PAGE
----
Case Study 1
In this woman with chronic hypertension, the blood pressures she recorded initially show good control as the levels of labetalol rise after her morning dose, but then, at the end of the 12-hour dosing interval, her blood pressures go back up, suggesting that her labetalol concentrations are no longer adequate to control her blood pressure.
Labetalol clearance goes up in pregnancy: the increase in reproductive hormones that occurs in pregnancy causes an increase in labetalol glucuronidation (for the UGT enzyme that metabolizes labetalol, it’s the increase in progesterone that increases its activity). At the end of the dosing cycle, her labetalol concentrations fall below the therapeutic threshold and her blood pressure rises. Increasing the dose to 400 mg bid pushed her maximum labetalol concentrations up too high and she became orthostatic, as the labetalol over-corrected her blood pressure. Shortening the dosing interval and changing her regimen to 300 mg q 8 hours would provide more even control of her blood pressure.
Case Study 2
Recent pharmacokinetic studies have shown that higher doses of the renally cleared cephalosporins and penicillins are required to provide adequate tissue concentrations in both the mother and the fetus when used for surgical prophylaxis during pregnancy. Dosing recommendations for obese women have increased even further to 3 grams of intravenous cefazolin.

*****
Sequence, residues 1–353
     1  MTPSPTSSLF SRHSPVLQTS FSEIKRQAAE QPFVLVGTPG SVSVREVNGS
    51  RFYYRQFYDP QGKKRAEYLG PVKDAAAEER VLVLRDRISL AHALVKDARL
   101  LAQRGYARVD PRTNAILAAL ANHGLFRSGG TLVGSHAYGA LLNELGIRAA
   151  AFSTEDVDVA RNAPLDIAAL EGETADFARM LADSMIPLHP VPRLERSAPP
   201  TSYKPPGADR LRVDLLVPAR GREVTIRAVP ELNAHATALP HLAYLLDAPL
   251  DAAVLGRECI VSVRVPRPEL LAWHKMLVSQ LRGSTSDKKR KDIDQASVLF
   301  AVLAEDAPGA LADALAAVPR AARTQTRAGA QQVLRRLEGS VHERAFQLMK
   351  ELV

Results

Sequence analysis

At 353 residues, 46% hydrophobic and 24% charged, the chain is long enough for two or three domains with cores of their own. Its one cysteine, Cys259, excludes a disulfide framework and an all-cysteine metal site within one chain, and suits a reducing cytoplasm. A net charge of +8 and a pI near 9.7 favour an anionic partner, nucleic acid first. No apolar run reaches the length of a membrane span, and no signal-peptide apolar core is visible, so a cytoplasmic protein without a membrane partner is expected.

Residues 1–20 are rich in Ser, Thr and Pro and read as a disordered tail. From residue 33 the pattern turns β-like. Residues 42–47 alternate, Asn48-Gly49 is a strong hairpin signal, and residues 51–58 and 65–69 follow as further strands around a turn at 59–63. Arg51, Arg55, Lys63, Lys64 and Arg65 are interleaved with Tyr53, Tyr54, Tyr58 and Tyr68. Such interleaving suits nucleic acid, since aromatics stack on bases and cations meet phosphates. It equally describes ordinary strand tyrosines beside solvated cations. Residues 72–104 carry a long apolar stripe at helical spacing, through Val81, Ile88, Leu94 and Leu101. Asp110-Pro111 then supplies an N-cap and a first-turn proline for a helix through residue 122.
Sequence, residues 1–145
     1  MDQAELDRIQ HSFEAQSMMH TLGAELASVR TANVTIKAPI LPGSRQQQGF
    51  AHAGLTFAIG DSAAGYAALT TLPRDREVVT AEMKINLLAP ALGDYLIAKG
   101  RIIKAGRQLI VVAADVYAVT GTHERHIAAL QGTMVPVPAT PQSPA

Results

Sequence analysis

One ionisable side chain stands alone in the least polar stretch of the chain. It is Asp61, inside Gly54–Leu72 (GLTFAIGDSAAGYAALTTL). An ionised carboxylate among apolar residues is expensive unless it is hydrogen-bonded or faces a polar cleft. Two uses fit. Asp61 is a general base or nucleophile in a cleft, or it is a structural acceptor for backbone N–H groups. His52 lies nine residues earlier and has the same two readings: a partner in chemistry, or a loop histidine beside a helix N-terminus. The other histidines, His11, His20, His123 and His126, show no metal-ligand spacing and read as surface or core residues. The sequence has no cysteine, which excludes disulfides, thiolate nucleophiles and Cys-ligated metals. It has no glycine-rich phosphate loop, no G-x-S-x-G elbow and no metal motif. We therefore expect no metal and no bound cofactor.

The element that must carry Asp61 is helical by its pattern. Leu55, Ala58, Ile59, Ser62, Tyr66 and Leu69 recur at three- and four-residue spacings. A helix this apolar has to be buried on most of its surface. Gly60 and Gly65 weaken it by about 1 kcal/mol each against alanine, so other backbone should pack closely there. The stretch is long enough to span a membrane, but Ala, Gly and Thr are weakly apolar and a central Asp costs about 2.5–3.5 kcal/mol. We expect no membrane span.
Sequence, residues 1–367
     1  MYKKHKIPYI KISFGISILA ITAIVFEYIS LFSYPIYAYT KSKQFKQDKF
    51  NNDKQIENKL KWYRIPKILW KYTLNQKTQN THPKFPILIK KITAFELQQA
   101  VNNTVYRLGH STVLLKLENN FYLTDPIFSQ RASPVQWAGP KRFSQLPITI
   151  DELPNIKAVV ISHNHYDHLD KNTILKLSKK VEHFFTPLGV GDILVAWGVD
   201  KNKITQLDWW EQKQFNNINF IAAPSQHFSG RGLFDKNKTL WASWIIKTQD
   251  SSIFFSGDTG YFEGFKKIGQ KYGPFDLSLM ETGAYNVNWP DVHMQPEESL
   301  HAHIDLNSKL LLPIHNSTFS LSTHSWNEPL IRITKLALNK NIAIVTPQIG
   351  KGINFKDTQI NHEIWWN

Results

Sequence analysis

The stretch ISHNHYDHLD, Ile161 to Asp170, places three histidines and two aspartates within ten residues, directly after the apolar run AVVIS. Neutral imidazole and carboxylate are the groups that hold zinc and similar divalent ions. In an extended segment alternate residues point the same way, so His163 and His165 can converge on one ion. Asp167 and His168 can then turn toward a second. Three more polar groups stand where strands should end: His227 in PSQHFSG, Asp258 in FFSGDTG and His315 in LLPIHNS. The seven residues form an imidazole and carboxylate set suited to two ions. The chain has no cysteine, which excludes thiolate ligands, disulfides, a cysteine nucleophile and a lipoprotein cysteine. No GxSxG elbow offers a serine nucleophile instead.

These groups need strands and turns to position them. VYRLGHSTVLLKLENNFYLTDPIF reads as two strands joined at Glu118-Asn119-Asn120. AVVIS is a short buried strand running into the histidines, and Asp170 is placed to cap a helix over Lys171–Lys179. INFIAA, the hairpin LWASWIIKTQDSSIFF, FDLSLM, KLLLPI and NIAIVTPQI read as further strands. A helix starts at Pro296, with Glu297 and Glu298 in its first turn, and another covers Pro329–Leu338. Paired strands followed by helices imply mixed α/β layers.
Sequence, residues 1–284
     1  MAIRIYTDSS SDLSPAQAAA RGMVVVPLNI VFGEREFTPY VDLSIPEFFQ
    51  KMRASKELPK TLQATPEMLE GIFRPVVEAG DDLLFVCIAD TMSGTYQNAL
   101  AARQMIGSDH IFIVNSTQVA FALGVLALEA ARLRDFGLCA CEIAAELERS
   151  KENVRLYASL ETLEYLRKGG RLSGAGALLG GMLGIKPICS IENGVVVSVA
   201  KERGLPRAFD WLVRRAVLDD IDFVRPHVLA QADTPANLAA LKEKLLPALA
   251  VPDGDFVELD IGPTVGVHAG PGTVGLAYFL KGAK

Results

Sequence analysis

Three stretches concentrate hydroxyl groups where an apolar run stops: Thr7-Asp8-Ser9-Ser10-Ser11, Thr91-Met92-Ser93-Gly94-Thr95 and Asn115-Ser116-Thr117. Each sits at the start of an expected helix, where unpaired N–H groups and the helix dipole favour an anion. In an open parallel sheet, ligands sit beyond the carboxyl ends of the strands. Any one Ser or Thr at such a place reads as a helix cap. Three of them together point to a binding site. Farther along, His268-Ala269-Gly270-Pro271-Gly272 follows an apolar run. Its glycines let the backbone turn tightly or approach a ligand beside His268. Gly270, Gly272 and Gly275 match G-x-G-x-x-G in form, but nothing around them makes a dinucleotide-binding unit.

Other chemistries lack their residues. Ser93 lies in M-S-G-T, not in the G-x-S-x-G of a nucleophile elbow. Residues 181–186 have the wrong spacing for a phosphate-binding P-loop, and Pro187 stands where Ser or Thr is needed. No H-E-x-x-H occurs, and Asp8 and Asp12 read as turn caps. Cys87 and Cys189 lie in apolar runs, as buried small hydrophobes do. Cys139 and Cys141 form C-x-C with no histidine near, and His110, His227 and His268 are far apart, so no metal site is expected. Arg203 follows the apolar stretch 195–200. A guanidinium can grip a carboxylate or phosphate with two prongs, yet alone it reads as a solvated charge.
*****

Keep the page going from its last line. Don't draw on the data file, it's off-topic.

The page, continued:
Case Study 3
Transport of digoxin across the placenta to the fetus is restricted because of active transport back out into maternal circulation by placental P-glycoprotein. As a result, fetal concentrations are much lower than simultaneous maternal levels for most infants. To achieve adequate fetal drug concentrations, maternal dosing needs to be increased. If the mother cannot tolerate these higher levels, options include either direct fetal injection of digoxin or use of an alternate medication.
Case Study 4
Therapeutic drug monitoring of her anti-epileptic drugs (AEDs) shortly after this seizure showed that her levetiracetam level was just below the therapeutic range and her lamotrigine concentration was almost non-detectable.
Levetiracetam is renally cleared. Renal clearance increases by 30 – 50% over the course of pregnancy. Levetiracetam levels have been shown to slowly decrease as pregnancy progresses, requiring dose escalations in some but not all women.
On the other hand, beginning early in the first trimester, glucuronidation of lamotrigine dramatically increases as pregnancy progresses (this UGT goes up because of rising estradiol levels), requiring monthly drug testing and appropriate increases in her lamotrigine dosing. After delivery, estradiol levels dramatically fall and glucuronidation rapidly normalizes. If her lamotrigine dose is not quickly tapered back to her pre-pregnancy regimen over the first 3 weeks, she may develop lamotrigine toxicity side effects.
Presented by the PhRMA Foundation Safe and Effective Prescribing Project
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